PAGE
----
Once the bag is full, dump the contents into the washing machine and set it to wash a cold cycle. You can add soap if you want, but the main purpose of the cold wash is to help prevent the soiled diapers from staining. I have found plain water works really well. When the cold wash cycle finishes, set the washing machine to wash with hot water. Then add a normal amount of your favorite detergent, plus 1/4 to 1/2 cup of borax, and let the cycle run. At the end of the hot wash cycle, you can re-rinse if you like. Otherwise, take the diapers out and toss them into the drier. Depending on what kind of diapers you are using, set the drier to run either a regular or cool drying cycle, and turn it on. You can also line dry the diapers, but that really would be more work. Reuse the diapers again and again.

Here are a few things to keep in mind to make washing cloth diapers as easy as possible and to extend the life of your diapers.

1. When the diaper is soiled, you don't have to do anything extra for babies who are still exclusively breastfed. The washing machine will take care of it. When the baby is eating solid foods the poop will be more solid and will need to be scraped off. Gently scrape off the big chunks with a bit of cardboard. You should try to get as much off the diaper as you can, but the washing machine can still handle a surprising amount of residue, so don't overdo it. Just get rid of the really solid stuff.

2. Do not use bleach or fabric softeners. Bleach will break down the fibers in the diapers, shortening their useful life. Fabric softeners tend to add residue to the diapers which can irritate baby's bottom as well as cause the diapers to repel, rather than absorb water. Rely on the hot water, soap and borax to sanitize the diapers. If they smell clean, they are clean.

Washing cloth diapers may seem more complicated at first, but it's really more work for your washing machine, and maybe a bit more patience for you. Once you've washed a few loads, it becomes second nature and you too will be scratching your head when your friends balk at using cloth diapers on account of the laundering.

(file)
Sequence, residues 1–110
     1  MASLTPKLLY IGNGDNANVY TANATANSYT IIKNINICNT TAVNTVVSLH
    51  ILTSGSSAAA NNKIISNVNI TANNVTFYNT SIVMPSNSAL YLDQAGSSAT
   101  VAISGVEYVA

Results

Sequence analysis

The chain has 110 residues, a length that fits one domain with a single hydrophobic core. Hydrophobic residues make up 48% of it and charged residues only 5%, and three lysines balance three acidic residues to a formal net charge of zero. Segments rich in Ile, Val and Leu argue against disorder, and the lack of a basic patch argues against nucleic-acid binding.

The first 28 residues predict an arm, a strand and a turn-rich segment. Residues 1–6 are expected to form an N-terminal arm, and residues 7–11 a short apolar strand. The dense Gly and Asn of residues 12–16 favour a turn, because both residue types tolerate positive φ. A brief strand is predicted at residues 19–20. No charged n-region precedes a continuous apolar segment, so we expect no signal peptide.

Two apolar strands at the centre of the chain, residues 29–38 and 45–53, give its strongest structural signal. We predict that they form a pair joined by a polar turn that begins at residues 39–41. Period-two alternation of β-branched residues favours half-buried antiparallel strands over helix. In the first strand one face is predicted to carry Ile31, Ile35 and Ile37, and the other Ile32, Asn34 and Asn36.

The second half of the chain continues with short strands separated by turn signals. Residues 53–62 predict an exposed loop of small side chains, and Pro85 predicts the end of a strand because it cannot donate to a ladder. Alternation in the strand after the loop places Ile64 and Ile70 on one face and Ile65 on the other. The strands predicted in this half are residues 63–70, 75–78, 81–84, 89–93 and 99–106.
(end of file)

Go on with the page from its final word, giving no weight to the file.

The BumGenius Cloth Diaper

BumGenius 2.0 OneSize cloth diapers are the most versatile and easy cloth diapers that I have ever used. They are a pocket diaper and come with a Cotton Babies microfiber insert that snaps down for easier fit when the diaper is sized for a small infant, or to absorb more in certain areas. The outer fabrice is so soft to the touch and deliciously stretchy. The diaper snaps to make 3 different sizes out of the same diaper, fitting from 8lbs to 35lbs. BumGenius is so easy to clean, too. I love that any hard bowel movement just falls right off, and anything that doesn't fall off washes right out, no need for dunking and swishing in the toilette.

I love being able to throw one kind of diaper in the diaper bag and I know that with a couple of snaps it is going to fit my new baby or my toddler. I also love the stretchy tabs and the crossover velcro that allows you to fold up the diaper and secure it shut until you get home to wash it.

The suedecloth and fleece inners are both wonderful fabrics and are easy to clean. BumGenius have never leaked for me in the 10 months I've been using them.

Thirsties Fab Fitted Diapers

A fitted cloth diaper, made with absorbant inner, velour outer and microfleece inside next to baby skin.